The basic problem with the line of reasoning Mr. Dyer takes in his column is his inexplicable misunderstanding of the word “obscenity” as it was used by the English PM in a speech he gave last Tuesday. The “obscenity” that Mr. Blair was getting at was not, as Mr. Dyer suggests, a denial of the causal relationship between British foreign policy and terrorism. To be sure, Mr. Blair said, “let us expose the obscenity of these people saying it is concern for Iraq that drives them to terrorism.” To say, as Mr. Dyer does, that this is “nonsense” is (not so much to misunderstand as) to misrepresent the intrinsically judgmental sense of the word, given that it was used quite concertedly in lieu of others (like error, fallacy, or lie). Mr. Blair was (really quite obviously too) making a moral judgment condemning the particular spirit of violence of the terrorists. That is: how utterly incommensurable it is with its stated reasoning. (Which, incidentally, is sound—if a trifle subtle (God forbid!)—reasoning. After all, we do reason towards judgment.)

To take my analogy a step further—to make it, that is, a little more applicable to the subject at hand—let us say, in the hypothetical case of my trying to stop a gun-wielding thief from stealing a car, that: rather than shooting me, he shoots an innocent third party who happens to be nearby. The rule, I’m sure Mr. Dyer would acknowledge, of cause and effect works here too. But the act is a manner of perversion of the rule. And so it is, then, obscene. There can be no question of this. Indeed, let us be clear on the point, it is obscene enough as to be quite evil (—and, of course, deeply unsettling to anyone who takes it for granted that he won’t be shot for something he hasn’t done.)

And herein, I begin to see, lies the problem. Mr. Dyer still hasn’t reconciled in his own mind the perversity of the initial crime! In the case of my imagined heroism: I deserved to be shot, not the mother of three who happened to be walking by, not the tow-headed teenager innocently hacking a forbidden butt, not the nun. And he just can't get over this! And so, ironically, he holds me a grudge for the very existence of a perversion of facts, and not for my inability to face them at all. That is to say, he holds me a grudge not for my perverting them—which, of course, I didn’t (I am very virtuous hypothetically, in case you hadn’t noticed)—but for their inherent perversion. For, in effect, their being facts! How could these, his friends (facts), so invested with natural justice, go trampling all over his beloved rule of cause and effect (also their friend; and close relative, moreover)?! It must be a mistake!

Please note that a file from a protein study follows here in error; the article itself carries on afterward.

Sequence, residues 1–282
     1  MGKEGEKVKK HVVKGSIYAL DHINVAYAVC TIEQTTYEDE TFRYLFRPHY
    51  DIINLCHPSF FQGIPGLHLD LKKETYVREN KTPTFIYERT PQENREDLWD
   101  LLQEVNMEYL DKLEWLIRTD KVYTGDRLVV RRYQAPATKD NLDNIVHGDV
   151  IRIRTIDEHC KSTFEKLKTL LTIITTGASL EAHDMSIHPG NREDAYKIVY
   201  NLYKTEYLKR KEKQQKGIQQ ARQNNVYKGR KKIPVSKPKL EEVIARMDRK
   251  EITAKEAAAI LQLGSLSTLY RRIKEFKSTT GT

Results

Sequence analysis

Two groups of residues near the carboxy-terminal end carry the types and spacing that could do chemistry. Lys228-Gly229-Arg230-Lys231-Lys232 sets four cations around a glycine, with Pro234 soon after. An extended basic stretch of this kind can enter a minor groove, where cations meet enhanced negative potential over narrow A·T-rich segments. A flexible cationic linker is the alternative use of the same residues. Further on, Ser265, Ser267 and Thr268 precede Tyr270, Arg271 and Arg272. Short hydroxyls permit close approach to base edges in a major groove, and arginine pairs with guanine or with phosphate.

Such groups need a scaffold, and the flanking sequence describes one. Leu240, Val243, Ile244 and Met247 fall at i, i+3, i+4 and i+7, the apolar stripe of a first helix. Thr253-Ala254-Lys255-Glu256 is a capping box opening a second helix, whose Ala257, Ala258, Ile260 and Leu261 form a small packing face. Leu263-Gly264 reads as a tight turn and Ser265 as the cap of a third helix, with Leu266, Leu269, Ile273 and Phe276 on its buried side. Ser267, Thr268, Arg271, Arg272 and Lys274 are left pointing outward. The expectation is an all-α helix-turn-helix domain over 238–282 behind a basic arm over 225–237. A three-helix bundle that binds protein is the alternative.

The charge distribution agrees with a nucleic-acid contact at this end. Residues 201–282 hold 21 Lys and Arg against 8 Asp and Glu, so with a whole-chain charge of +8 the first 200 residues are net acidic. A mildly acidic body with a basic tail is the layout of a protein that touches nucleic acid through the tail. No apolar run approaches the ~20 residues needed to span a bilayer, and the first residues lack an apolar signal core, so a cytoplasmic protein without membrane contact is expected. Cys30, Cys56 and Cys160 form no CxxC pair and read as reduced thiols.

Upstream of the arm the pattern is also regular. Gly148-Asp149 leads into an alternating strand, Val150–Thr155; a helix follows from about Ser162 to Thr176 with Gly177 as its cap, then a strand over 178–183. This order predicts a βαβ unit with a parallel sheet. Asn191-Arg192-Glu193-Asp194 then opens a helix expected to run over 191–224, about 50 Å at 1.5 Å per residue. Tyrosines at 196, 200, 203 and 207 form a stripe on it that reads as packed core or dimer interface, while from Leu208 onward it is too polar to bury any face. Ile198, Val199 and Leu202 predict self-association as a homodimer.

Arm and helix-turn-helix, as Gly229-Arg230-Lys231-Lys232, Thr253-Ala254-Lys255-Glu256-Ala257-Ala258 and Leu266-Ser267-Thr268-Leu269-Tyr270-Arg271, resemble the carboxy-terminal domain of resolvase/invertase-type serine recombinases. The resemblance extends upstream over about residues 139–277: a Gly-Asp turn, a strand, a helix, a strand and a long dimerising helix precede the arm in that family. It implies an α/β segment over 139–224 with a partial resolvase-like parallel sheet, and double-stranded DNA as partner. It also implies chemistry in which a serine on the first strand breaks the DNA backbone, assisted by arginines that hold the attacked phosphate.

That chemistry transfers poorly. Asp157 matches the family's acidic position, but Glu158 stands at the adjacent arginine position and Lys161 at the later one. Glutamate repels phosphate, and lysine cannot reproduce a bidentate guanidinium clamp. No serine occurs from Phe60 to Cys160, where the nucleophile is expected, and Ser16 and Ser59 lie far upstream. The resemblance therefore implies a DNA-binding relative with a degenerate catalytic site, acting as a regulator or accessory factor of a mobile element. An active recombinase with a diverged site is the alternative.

Likewise, the fact that 50 odd innocent commuters died for decisions made by men who don’t even likely use public transportation! (Which victims, moreover, probably didn’t even vote for such men!) It’s not fair! They died for your crimes, you bastards!

With all due respect to Mr. Dyer: the terrorists and the gob-smackingly high number of terrorist sympathizers (not justifiers, Mr. Dyer—I get your little distinction, and I’ll see it) that exist the world over, are not as dumb as you don't bother giving them credit for. And they know only too well that Liberal fundamentalism will be as quick to point its crippling finger at Messrs. Blair and Bush as Muslim fundamentalism is. Indeed, they count on it. Not, that is, because of the Liberal fundamentalist’s ability to face facts (which, apparently, he doesn't even do that well), but because of his inability to render judgment in anything but a black and white situation; that, alas, exists only in the fantasy world he's devised for himself on the opinion pages of the Star, and in the minds of the gullible.